April 2, 1863
---Richmond Bread Riots: a group of poor women, several hundred strong, meets at a Church in Richmond this morning to find ways to feed their children in a city with hugely inflated grocery prices. They force their way into Governor Letcher’s house, and he refuses to see them. Finally, the crowd begins to loot bakers’ shops to steal the bread they need. There is some wholesale looting in addition, but mostly the crowd is out to get bread. President Davis makes his way to the rioting part of town, and speaks to the crowd, asking for their patience and forbearance, but the women (mostly wives or widows of soldiers) answer that they have not enough money to buy bread, even with the soldiers’ wages being sent home. Davis takes out his wallet, and all his change, and gives it to the crowd. They still do not disperse. He orders the troops to load their rifles, and just before they open fire, the crowd begins to disperse. In the preceding week, there have been similar disturbances in many places throughout the South such as Georgia, North Carolina, and Alabama.
|Richmond Bread Riots|
---Gideon Welles, the U.S. Secretary of the Navy, writes in his journal of a meeting with Sen. Charles Sumner and Sec. of State William Seward. Inevitably, the topic of Britain and its involvement arises:
I then opened on the subject generally. England is taking advantage of our misfortunes and would press upon us just as far as we would bear to be pressed. She rejoiced in our dissensions and desired the dismemberment of the Union. With this rebellion on our hands we were in no condition for a war with her, and it was because we were in this condition that she was arrogant and presuming. A higher and more decisive tone towards her will secure a different policy on her part. A war with England would be a serious calamity to us, but scarcely less serious to her. She cannot afford a maritime conflict with us, even in our troubles, nor will she. We can live within ourselves if worse comes to worse.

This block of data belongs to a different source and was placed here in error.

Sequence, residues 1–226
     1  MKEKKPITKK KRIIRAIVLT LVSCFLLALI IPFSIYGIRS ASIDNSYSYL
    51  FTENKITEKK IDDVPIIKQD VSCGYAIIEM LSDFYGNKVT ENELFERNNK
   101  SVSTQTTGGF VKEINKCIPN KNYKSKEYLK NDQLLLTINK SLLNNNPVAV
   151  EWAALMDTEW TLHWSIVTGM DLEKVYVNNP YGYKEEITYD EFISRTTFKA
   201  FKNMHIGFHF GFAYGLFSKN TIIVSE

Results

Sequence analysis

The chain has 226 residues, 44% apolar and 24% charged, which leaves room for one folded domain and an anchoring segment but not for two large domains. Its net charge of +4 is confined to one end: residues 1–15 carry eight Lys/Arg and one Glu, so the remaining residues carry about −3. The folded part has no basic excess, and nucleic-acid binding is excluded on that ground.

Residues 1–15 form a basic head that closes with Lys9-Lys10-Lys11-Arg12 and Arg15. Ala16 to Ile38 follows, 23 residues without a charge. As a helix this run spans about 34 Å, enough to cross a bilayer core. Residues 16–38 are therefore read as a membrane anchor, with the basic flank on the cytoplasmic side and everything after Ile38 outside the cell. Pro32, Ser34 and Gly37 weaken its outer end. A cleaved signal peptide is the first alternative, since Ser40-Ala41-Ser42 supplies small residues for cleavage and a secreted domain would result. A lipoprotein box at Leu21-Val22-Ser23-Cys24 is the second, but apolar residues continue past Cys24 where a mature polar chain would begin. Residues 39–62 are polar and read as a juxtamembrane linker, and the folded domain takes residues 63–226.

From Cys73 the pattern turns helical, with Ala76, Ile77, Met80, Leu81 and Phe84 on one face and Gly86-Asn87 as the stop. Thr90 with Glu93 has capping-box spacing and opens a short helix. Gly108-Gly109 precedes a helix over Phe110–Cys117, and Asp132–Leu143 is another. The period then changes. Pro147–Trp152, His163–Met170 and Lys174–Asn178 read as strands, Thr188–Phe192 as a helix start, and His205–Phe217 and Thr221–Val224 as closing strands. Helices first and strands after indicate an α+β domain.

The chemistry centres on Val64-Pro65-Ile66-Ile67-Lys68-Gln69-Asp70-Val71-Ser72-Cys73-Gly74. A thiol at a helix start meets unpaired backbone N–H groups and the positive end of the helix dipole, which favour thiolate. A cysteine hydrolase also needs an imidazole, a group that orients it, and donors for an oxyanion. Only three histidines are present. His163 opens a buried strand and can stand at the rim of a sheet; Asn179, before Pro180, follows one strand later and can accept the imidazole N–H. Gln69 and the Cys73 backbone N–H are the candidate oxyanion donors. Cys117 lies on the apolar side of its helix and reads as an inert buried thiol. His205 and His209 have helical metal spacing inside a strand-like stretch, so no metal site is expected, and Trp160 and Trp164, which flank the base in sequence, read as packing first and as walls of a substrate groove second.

---George Templeton Strong of New York City, in his ever-perceptive observation of war events, comments on the latest news, although ending with a despairing note:
We have news today of successful fighting in the West, thought not on any large scale, and the rebel foray into Kentucky seems advancing backward. Report that Burnside is advancing on East Tennessee. I hope he is. Why that important wedge of loyal territory, penetrating into the heart of seceshdom, has been so long neglected and its people left to be harried by beastly gangs of merciless rebel marauders, is (to me) the one great inscrutable mystery in our conduct of the war. From Vicksburg and Port Hudson our tidings are bad and indicate probable failure.